More than 100 millions IoT has critical flows in TCP/IP stack supply chain
The group of researchers from Forescout has completed another portion of vulnerabilities investigation. The new report will be published after 4th August 2021. It will reveal all-new 14 flows in a very popular network stack used by various devices, starting with common IT and ending up on IIoT from giant vendors.
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This research is of utmost interest for industrial facilities, especially those in the critical infrastructure sector.
The convergence of IT and OT technologies there, as well as fast-evolving IoT and IIoT use, creates many opportunities for operation management but also opens many "doors" for malicious actors, including APTs, who exploit most popular vulnerabilities in IT in the wild.
Around newly discovered and registered 14 CVEs, two critical with CVSS v3.1 score over 9.1 points and referring to RCE, exactly as in confirmed on July 2021 case with the attack on iOS WiFi daemon.
Besides RCEs, there are also DoS, information exfiltration, and spoofing attacks proved during the lab test.
The company specializes in network visibility and anomaly detection in OT networks.
Already in 2020, it became clear that some technologies in the supply chain are creating almost identical vulnerabilities around many famous vendors. Later in April 2021, discovered were 100k to 100M OT, IT, and IoT devices around the globe (based on market research).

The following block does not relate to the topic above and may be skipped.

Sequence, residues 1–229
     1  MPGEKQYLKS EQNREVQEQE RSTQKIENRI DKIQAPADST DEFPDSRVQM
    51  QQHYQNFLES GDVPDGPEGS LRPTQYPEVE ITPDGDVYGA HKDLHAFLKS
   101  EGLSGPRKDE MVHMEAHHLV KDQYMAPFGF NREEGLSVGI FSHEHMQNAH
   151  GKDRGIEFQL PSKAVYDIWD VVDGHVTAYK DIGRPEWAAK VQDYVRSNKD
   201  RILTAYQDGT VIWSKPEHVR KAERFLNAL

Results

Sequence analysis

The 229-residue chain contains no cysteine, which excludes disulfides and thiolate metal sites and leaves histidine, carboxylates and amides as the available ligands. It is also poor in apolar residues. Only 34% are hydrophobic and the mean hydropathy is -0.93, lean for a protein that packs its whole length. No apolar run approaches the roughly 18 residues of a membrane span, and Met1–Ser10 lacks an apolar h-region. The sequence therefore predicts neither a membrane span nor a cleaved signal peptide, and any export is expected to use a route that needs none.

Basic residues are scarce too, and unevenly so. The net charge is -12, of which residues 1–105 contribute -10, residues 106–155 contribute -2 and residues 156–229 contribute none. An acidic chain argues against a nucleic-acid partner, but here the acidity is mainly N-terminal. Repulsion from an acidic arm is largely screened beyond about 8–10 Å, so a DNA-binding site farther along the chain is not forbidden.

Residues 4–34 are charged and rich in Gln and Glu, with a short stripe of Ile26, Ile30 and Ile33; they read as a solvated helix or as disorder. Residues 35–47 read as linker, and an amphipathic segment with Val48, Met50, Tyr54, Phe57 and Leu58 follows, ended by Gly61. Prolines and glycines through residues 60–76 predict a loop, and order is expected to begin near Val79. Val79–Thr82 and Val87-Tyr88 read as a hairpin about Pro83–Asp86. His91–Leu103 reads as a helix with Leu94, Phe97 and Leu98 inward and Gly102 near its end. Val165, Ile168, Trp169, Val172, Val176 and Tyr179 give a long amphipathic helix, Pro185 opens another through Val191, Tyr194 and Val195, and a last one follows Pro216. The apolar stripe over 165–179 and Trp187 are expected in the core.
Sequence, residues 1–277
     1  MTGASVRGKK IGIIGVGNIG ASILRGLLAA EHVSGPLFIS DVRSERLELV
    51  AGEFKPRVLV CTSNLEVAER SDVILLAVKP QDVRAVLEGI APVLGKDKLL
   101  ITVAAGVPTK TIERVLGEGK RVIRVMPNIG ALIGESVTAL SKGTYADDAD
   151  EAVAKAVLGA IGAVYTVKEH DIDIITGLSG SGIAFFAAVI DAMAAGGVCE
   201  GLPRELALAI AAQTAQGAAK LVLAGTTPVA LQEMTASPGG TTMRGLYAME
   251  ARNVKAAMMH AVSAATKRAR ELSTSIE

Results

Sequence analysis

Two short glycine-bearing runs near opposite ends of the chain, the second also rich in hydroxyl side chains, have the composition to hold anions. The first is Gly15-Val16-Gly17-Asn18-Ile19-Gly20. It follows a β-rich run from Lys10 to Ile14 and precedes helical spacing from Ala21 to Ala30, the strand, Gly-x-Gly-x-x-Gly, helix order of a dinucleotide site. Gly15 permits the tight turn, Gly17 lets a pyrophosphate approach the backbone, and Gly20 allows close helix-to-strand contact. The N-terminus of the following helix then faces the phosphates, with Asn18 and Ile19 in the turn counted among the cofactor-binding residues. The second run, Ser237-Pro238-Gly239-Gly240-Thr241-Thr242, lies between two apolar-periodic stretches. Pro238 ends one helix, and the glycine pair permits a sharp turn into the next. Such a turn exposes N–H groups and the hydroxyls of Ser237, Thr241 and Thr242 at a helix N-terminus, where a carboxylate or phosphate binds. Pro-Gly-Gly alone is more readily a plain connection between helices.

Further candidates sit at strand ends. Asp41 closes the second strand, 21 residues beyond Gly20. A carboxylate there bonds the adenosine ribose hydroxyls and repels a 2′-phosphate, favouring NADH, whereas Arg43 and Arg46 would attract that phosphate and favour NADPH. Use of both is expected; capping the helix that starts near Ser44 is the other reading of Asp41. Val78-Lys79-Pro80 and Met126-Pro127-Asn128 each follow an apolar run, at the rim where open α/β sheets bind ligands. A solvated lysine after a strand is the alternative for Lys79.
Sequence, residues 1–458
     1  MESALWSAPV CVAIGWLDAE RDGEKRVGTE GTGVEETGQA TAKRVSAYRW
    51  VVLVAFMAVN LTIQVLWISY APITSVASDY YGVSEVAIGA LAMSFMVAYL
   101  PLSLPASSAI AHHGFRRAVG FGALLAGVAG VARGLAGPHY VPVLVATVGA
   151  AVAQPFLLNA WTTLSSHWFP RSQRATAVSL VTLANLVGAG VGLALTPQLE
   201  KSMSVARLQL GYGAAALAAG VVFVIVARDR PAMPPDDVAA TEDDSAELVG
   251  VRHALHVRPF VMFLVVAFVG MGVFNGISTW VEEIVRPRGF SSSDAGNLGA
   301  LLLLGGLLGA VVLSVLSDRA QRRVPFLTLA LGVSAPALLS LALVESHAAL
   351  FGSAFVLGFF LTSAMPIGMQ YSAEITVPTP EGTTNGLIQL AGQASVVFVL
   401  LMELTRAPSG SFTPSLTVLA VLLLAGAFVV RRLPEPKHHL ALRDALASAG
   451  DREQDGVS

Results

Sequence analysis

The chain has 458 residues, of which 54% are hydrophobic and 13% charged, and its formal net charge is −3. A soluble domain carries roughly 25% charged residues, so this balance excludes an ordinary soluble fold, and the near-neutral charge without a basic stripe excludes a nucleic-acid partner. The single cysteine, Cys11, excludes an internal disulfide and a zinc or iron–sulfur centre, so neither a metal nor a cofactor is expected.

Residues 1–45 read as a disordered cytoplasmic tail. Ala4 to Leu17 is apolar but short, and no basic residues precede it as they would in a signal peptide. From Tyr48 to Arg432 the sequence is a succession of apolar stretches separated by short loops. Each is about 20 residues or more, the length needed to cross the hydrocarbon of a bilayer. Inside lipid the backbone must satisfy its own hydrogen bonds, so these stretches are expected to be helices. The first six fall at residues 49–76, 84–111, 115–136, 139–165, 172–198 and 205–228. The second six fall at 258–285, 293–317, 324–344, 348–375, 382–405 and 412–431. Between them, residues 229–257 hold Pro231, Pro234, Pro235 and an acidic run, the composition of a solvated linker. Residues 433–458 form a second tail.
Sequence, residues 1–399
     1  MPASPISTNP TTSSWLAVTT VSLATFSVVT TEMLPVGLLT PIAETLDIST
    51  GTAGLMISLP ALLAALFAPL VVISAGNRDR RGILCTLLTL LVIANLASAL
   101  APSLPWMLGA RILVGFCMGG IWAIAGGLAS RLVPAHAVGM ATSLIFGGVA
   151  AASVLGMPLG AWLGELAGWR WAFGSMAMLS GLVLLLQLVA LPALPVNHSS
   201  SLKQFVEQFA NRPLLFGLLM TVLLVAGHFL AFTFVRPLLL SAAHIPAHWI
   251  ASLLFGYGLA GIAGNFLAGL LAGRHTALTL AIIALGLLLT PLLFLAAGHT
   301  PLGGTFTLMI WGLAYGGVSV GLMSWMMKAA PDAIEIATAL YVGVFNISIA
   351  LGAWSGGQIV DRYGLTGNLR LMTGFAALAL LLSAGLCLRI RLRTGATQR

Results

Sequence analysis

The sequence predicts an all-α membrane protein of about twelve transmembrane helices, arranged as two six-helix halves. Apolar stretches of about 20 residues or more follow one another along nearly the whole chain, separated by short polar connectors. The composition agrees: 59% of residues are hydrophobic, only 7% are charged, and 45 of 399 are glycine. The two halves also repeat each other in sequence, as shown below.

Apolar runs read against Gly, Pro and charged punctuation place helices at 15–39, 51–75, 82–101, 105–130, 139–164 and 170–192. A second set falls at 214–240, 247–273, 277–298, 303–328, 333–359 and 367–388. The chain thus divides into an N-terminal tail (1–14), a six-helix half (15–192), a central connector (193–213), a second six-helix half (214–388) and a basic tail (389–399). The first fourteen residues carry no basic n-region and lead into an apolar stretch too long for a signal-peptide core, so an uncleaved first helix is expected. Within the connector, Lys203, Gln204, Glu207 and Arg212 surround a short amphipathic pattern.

We can track discoveries of Forescout in the following sequence:
- June 2020 – Ripple20 project reveals a set of 19 vulnerabilities on the Treck TCP/IP stack.
- December 2020 – AMNESIA:33 presents the next 33 vulnerabilities affecting 4 open-source TCP/IP stacks.
- February 2021 – project NUMBER:JACK discovered 9 vulnerabilities affecting 9 TCP/IP stacks.
- April 2021 – NAME:WRECK operation found a set of 9 vulnerabilities affecting DNS clients of 4 TCP/IP stacks.
Image source – forescout.com
As always, when it touches any operational technology device, there are only a few recommendations that come into a game, which require a very thorough approach and sometimes threaten the reliability of the running process.
Nevertheless, to avoid catastrophe, it is recommended:
- Patching devices as soon as vendor’s patches are available. This is the almost universal recommendation to any kind of system. But it is rather difficult because patches are rear and systems are working 24/7/365.
- Apply physical network segmentation to your vulnerable devices. Many network administrators are handling OT devices as any other IT. If Internet access is required for updates, it will be given without any precautions. This behavior leads to exposure of critical devices for all possible remote attacks without the need to penetrate the network perimeter.
- Disabling and blocking unused services. For the sake of usability, many vendors applying common technology stack directly into devices, allowing HTTP, FTP, SSH, and other typical services for maintenance and configuration, thus, allowing malicious actors to develop easy to proceed attack scenarios and take a foothold on targeted systems.
Stay tuned and watch around!